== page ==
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Sunday ensemble concerts cover everything from Gershwin to Afro-Peruvian music

Under the direction of Professor of Music Dane Heuchemer, the 50-plus-member Symphonic Wind Ensemble presented their culminating performance of the year Sunday afternoon to a full crowd in Rosse Hall. The performance featured pieces the ensemble has been working on all year, with styles ranging from early Baroque music from the 16th century to an avant-garde composition from 1994.

A major highlight of the first half was a performance of George Gershwin’s Rhapsody in Blue, featuring Pei-Sin Chen, a guest pianist from The Ohio State University who is working on her doctorate in piano performance. Chen expertly handled the complex piano part, and the band was successful in keeping up with her professional playing. “It was honestly an honor to play a piece with someone who is so dedicated to music and perfecting it,” Cat Smith ’20, a tuba player for the ensemble, said. “She didn’t need to play with us — our band isn’t in a music conservatory and is not in any way an elite group — but she still put so much time and effort into making the performance wonderful.”

After the intermission, Katherine Connolly ’17, a senior music major, took to the stand to conduct John Barnes Chance’s Incantation and Dance. The piece contained unusual, syncopated percussion and slowly building textures from the rest of the orchestra. Connolly appeared to handle this difficult material with ease.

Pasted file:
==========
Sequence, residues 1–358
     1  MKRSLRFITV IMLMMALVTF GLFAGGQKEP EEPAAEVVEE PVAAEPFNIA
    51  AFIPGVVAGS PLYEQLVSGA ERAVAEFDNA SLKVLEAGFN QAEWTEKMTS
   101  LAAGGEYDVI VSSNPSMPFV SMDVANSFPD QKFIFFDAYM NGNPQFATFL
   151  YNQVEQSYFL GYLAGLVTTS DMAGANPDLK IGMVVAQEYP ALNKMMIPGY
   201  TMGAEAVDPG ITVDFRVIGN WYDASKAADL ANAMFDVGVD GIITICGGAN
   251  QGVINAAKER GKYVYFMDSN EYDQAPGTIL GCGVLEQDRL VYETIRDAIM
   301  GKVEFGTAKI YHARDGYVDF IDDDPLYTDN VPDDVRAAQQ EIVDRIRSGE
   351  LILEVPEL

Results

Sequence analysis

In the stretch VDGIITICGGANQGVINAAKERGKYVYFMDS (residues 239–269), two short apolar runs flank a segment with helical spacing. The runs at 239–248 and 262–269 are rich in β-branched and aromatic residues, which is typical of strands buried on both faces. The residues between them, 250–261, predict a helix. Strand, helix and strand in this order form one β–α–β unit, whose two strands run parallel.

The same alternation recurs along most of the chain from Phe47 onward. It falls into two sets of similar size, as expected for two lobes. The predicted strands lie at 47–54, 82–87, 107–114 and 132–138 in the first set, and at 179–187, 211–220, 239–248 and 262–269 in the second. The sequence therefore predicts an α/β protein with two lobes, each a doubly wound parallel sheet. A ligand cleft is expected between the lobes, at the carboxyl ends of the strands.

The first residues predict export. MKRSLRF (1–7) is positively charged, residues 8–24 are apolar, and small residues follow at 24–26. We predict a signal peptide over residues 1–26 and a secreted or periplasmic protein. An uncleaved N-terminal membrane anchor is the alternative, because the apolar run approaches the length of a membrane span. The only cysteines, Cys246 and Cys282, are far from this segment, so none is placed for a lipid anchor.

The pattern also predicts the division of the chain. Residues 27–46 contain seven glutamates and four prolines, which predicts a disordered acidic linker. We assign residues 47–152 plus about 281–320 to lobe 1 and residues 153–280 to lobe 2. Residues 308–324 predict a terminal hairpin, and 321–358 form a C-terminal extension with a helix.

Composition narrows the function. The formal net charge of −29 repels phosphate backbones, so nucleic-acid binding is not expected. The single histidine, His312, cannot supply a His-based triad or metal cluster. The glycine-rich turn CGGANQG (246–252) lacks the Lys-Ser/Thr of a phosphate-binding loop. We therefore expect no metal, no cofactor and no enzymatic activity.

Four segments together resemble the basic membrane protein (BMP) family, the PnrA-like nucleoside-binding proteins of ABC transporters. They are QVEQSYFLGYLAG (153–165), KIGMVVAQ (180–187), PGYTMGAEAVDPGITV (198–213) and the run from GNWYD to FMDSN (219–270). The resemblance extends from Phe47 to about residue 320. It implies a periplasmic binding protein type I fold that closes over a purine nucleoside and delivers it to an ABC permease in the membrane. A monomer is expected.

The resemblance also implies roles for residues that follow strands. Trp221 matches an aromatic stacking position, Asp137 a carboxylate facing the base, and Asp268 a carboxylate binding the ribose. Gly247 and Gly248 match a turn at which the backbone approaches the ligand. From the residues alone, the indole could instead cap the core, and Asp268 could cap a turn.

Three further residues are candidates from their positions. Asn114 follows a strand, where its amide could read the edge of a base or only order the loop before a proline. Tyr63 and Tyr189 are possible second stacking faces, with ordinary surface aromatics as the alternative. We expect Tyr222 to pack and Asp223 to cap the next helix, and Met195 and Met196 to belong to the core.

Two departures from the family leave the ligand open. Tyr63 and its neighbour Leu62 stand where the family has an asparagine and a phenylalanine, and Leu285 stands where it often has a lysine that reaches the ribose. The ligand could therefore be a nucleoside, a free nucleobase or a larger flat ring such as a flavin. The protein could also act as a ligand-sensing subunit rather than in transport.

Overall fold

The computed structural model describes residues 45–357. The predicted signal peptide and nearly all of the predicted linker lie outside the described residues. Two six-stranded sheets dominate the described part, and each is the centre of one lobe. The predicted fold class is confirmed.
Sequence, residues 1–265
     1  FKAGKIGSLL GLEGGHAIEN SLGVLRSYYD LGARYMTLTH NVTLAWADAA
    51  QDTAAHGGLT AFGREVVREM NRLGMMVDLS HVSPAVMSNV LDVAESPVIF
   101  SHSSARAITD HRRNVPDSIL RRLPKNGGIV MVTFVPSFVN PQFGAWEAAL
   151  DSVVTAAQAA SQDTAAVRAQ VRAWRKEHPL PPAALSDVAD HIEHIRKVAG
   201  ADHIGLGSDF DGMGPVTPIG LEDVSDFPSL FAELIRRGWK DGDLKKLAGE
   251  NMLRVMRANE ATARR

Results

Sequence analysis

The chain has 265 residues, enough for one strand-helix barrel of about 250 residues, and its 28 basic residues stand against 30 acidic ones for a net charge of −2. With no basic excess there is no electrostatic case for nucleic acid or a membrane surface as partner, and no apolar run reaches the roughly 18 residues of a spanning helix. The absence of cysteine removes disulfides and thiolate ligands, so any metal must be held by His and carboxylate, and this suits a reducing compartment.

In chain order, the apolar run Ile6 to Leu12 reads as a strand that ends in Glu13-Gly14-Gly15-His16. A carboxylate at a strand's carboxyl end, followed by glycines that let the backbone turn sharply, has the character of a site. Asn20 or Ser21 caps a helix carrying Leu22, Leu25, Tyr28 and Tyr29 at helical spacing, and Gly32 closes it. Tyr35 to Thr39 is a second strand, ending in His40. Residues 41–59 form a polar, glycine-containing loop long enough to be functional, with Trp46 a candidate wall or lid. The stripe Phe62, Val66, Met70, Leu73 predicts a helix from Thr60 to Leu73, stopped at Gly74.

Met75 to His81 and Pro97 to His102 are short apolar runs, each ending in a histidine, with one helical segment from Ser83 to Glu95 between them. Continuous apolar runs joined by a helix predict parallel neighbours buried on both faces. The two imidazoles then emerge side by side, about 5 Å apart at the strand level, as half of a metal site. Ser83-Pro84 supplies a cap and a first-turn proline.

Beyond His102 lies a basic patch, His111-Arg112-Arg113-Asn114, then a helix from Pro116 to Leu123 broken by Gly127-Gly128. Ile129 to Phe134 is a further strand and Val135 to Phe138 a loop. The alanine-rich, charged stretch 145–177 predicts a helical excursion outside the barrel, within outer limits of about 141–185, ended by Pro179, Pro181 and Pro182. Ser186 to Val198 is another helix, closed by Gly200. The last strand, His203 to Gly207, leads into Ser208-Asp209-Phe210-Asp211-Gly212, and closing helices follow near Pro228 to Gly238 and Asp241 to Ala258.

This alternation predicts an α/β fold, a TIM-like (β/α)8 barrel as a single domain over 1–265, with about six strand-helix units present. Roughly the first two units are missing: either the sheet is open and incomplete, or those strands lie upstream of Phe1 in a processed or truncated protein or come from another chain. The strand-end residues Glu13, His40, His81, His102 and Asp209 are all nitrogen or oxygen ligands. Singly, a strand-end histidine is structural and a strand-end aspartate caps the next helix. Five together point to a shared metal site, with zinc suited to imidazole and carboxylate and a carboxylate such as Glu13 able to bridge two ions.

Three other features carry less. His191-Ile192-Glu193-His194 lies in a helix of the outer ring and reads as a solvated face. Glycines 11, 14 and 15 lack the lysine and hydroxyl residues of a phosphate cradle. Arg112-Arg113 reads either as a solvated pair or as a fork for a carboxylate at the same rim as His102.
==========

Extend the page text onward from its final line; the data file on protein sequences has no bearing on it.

Closing off the second half was Eric Whitacre’s 1994 composition Ghost Train. It is a challenging piece that includes unusual percussion made to sound like a train in motion and techniques such as pitch bending to add to the piece’s atmosphere. Making great use of the ensemble’s power, the piece was a forceful ending to their performance.

The Jazz Ensemble impressed a full crowd in Rosse Hall with their powerful final performance of the year on Sunday evening. The group filled Rosse Hall stage with a grand piano, two percussionists and 15 other players, performing arrangements of jazz pieces in styles such as blues standards and Afro-Peruvian fusion.

One standout of the show was John Fedchock’s “J Birds,” which featured trombone players Jodi Ann Wang ’20 and Carolyn Ten Eyck ’18. Ann Wang and Eyck stood at the front of the stage alternating solos and playing off of each other extremely well. Another great piece was an arrangement of Charles Mingus’ “Boogie Stop Shuffle,” which the director, Professor of Music Ted Buehrer, introduced as having “an anger in the music that I think you’re gonna hear,” he said.

The second-to-last piece, Duke Ellington’s “C Jam Blues,” was what Buehrer called “my glorified attempt to get a lot of people up here soloing,” he said. While introducing the song, Buehrer jokingly made his “Rosse Hall vocal debut,” singing the original lyrics of the piece to an entertained crowd.

Keeping with the tradition of improvisation in jazz performance, Buehrer often stood to the side of the stage to allow the soloists lead the way. Throughout the show, almost every member of the ensemble approached the microphones at the front of the stage to improvise. Max Lazarus ’20, who soloed on tenor and soprano saxophone for “Junio y Garúa” and “C Jam Blues,” commented on the difficulty of improvising in a jazz performance.

“Generally you don’t want to be thinking too much,” he said. “If you can get into a spot where you’re just listening to what everybody else is playing, that’s the best spot to get in. It’s more about feeling than thinking too much.”

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